Important information in this article, which can be seen here in AL.comAlabama. The area covered includes not only Florida, but Kentucky, Tennessee, North Carolina, South Carolina, Georgia, Alabama and Mississippi.
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Trump’s southeast regional EPA administrator indicted on Alabama ethics charges
A Jefferson County grand jury has indicted the Southeast regional administrator of the Environmental Protection Agency and a former Alabama Environmental Management Commissioner for violating state ethics laws.
Charges include multiple violations of Alabama’s Ethics Act, including soliciting a thing of value from a principal, lobbyist or subordinate, and receiving money in addition that received in one’s official capacity, according to the Alabama Ethics Commission.
Before being appointed by President Donald Trump to serve as the Region 4 administrator of the EPA, Trey Glenn worked closely with the Birmingham-based law firm Balch & Bingham and one of its clients, Drummond Co., to fight EPA efforts to test and clean up neighborhoods in north Birmingham and Tarrant.
I never dreamed they’d face the music in Alabama. I thought for sure judgment would come for Phillips and Glenn only at the Pearly Gates, where St. Peter would decide whether to send them toward a brownfield down below.
Likewise, former Alabama Environmental Management Commissioner Scott Phillips worked with Balch to oppose the EPA. Phillips and Glenn worked together in a company they co-owned, Southeast Engineering & Consulting, at the same time Phillips served on the commission.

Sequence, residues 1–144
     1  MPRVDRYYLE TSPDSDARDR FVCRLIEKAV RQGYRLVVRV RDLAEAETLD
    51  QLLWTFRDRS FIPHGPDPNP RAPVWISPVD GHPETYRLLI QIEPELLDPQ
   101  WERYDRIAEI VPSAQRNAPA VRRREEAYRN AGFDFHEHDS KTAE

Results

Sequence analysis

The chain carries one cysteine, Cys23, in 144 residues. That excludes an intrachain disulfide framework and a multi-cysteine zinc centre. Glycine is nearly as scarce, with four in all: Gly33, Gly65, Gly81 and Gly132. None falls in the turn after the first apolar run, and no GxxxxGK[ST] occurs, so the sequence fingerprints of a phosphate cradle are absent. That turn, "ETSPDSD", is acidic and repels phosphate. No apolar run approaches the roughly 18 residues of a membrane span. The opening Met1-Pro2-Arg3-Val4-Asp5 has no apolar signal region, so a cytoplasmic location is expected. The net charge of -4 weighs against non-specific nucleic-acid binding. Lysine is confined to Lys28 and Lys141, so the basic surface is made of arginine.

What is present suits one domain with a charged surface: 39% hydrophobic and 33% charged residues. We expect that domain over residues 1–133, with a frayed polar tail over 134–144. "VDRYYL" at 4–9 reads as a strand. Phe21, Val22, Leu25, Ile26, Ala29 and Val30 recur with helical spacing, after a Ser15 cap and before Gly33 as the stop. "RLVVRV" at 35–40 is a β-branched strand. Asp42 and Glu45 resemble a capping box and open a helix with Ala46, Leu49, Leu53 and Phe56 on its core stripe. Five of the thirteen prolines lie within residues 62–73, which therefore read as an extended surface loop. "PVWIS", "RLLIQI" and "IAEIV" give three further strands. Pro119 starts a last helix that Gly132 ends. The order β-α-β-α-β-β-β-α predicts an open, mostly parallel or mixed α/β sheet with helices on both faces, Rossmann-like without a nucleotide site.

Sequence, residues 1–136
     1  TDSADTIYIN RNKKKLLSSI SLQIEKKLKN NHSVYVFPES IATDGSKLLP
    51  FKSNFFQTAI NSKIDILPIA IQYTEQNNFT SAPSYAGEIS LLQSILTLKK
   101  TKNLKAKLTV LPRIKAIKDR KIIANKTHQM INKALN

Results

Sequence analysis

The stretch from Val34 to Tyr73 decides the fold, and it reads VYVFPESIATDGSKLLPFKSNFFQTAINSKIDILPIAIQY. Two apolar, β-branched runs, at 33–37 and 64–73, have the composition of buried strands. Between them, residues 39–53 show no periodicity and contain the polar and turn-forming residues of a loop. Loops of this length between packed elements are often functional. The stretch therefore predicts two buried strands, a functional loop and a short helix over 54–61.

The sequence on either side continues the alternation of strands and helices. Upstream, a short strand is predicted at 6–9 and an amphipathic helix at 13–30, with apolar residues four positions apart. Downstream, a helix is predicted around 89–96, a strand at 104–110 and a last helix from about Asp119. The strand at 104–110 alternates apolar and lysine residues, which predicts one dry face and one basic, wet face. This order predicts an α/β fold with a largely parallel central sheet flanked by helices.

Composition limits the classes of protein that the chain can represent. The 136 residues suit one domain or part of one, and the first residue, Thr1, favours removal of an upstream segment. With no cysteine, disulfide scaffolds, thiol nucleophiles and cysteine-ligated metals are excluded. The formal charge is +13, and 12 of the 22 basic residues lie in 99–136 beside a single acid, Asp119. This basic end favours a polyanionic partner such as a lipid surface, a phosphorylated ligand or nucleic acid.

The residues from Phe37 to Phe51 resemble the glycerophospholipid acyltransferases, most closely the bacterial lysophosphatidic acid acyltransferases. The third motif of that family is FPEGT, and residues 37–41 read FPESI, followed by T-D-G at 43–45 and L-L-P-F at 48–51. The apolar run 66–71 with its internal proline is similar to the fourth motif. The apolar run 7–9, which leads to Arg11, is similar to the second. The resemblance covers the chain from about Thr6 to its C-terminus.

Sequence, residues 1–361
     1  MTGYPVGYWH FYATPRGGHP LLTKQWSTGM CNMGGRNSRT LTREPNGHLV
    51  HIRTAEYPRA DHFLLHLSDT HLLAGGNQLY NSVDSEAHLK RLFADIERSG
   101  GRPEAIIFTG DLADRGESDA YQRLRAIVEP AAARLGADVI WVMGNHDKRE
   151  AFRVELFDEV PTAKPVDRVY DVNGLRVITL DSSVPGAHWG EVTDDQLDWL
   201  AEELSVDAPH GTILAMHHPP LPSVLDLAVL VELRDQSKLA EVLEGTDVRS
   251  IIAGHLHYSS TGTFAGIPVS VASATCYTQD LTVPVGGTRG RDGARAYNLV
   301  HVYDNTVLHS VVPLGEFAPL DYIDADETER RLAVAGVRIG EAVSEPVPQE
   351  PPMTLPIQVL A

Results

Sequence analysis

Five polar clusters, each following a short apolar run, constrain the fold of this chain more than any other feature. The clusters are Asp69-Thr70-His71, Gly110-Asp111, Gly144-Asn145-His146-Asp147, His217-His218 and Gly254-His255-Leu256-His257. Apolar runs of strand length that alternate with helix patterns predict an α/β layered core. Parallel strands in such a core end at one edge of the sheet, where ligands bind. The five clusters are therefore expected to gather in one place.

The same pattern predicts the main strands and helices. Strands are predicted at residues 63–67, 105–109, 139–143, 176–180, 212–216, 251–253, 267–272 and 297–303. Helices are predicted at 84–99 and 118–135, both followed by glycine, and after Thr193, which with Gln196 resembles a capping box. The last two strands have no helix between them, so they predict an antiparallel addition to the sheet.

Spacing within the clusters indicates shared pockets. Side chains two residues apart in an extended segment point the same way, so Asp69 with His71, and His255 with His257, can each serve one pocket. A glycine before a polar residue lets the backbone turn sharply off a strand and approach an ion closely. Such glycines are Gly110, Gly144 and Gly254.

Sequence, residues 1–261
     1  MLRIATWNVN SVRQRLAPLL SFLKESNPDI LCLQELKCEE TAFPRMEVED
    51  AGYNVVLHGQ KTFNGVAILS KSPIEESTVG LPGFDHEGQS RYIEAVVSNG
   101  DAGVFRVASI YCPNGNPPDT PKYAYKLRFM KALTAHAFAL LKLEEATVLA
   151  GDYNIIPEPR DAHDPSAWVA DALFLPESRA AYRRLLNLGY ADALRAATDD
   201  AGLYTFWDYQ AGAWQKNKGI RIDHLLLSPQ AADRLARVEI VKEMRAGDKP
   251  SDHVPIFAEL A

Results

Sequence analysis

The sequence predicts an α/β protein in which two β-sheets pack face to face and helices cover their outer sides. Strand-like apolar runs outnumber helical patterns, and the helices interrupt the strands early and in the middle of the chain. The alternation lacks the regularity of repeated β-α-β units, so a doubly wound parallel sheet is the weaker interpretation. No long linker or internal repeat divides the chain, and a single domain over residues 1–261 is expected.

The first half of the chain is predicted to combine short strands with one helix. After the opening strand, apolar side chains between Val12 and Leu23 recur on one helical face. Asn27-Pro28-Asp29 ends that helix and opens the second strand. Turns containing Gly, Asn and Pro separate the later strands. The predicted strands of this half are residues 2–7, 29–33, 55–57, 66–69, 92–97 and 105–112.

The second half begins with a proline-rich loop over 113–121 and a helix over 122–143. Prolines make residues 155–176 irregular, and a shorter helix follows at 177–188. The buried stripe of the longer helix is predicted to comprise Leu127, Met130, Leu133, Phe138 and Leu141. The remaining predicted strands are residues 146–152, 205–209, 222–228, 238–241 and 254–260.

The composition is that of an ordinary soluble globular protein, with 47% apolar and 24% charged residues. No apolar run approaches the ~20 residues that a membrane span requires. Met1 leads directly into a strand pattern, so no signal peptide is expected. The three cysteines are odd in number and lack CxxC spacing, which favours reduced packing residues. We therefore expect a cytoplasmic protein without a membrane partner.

Under Alabama ethics law, it is illegal for a lobbyist or a lobbyist’s client, called a principal, to give a public official a thing of value, including a job.
President Donald Trump appointed Glenn lead EPA’s Region 4 in August 2017, after incidents covered in the indictment. That region includes Kentucky, Tennessee, North Carolina, South Carolina, Georgia, Florida, Alabama and Mississippi.
The indictment is not Glenn’s first brush with Alabama ethics laws. In 2007, the Alabama Ethics Commission referred a complaint against Glenn, who then served as director of the Alabama Department of Environmental Management, to the Montgomery County District Attorney’s office for prosecution.
However, in 2008, a Montgomery County grand jury declined to indict Glenn on those charges.
After leaving ADEM in 2009, Glenn co-founded SE&C with Phillips and served as a lobbyist for the Business Council of Alabama.
After he was appointed to the EPA position, Glenn reported income from numerous public and private entities, including the BCA, City of Birmingham, Birmingham Jefferson County Transit Authority, Matrix LLC, Blue Ridge Partners, Strada and Big Sky Environmental.
Big Sky Environmental made headlines this year after it accepted human feces from New York for disposal at its Adamsville landfill. A train that delivered that refuse stunk up the surrounding community and after national news coverage became known as the “poop train.”
After accepting his appointment at the EPA, Glenn recused himself from north Birmingham environmental issues for one year. Environmental activists and nonprofit watchdog groups have asked Glenn to recuse himself permanently.
Witnesses at trial
In July, a jury in federal court convicted Balch partner Joel Gilbert and Drummond vice president David Roberson on charges they bribed an Alabama lawmaker, Oliver Robinson, to help fight the EPA’s cleanup efforts in Tarrant and north Birmingham.